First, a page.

Nevda’s funding role in EIP up for public debate today
The first public hearing is scheduled today for discussion on a bill that would fulfill Nevada’s obligation to Lake Tahoe’s Environmental Improvement Program.
The Assembly Natural Resources Committee is scheduled to hold a hearing on Nevada Assembly Bill 285. Introduced last month, the bill authorizes $56.4 million in state bonds between now and July 2007 to pay for improvements at Lake Tahoe.
“This is the first hearing on this bill. It’s important. We’ll be able to get an idea of what’s going to happen,” said Pam Drum, public affairs coordinator for the Tahoe Regional Planning Agency “With this bill, Nevada will actually put the funding mechanism in place to fulfill 100 percent of its share of the EIP.”
The EIP identifies capital investments that need to be made over the next decade to meet TRPA’s thresholds for water quality, soil conservation, air quality, vegetation, wildlife, fisheries, recreation and scenery. A draft of the EIP was considered at the time of the 1997 Lake Tahoe Presidential Forum, and TRPA’s governing board officially approved it about a year ago.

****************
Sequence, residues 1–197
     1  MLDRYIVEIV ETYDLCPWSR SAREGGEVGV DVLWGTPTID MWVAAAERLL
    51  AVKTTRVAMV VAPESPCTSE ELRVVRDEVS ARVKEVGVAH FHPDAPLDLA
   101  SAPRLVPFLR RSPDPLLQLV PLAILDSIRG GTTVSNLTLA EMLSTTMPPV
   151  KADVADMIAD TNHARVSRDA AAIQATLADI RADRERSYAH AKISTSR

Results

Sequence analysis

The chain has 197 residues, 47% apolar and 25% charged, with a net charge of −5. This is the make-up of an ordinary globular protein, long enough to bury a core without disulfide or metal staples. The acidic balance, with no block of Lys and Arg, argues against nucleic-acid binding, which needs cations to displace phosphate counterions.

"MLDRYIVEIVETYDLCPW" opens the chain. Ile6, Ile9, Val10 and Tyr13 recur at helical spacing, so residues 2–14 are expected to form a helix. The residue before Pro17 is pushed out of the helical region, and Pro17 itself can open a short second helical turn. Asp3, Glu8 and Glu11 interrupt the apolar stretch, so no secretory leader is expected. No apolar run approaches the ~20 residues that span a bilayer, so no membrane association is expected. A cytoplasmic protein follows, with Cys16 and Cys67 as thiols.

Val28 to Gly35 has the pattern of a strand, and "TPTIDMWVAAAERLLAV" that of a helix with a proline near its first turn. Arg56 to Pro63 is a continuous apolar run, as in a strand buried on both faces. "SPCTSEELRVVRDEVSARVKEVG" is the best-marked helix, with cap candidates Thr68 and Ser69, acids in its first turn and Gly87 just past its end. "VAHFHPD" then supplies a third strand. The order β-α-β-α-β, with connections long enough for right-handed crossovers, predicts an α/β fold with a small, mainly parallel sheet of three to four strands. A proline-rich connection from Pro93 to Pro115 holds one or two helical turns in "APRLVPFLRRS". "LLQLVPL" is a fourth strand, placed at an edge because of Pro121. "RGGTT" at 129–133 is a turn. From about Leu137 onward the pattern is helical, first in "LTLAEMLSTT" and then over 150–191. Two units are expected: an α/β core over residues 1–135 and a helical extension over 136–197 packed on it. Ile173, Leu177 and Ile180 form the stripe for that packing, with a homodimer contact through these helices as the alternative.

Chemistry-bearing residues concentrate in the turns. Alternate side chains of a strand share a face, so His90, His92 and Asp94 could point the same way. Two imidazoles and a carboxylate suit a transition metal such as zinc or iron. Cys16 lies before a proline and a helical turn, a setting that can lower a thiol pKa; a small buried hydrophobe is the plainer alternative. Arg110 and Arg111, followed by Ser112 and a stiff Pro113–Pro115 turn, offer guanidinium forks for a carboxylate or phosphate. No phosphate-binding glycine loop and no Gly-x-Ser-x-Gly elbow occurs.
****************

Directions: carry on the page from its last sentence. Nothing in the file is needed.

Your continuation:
The cost for implementation is expected to be about $908 million, which is divided between federal, state and local governments and the private sector.
About $82 million of the EIP funding is supposed to come from Nevada. The voters in 1996 approved $20 million in revenue bonds for erosion control and wetlands restoration, and the Nevada Department of Transportation also has designated funding for Tahoe over the next seven years. The $56.4 million designated in AB 285 would satisfy the rest.
“Nevada has done an outstanding job,” Drum said.
About $275 million of the EIP is supposed to come from California.
“Gov. (Gray) Davis has, in his budget submittal to the Legislature for the next fiscal year, acknowledged California’s responsibility for funding EIP projects,” Drum said. “He also has requested an additional $21 million for the next fiscal year, in addition to $20 million California has already come up with, through either voter-approved bonds or general funds allocations. With the state coming up with $20 million over the last couple of years and the governor’s latest request, that’s $40 million in three years. California’s commitment to the EIP has also been very significant.”
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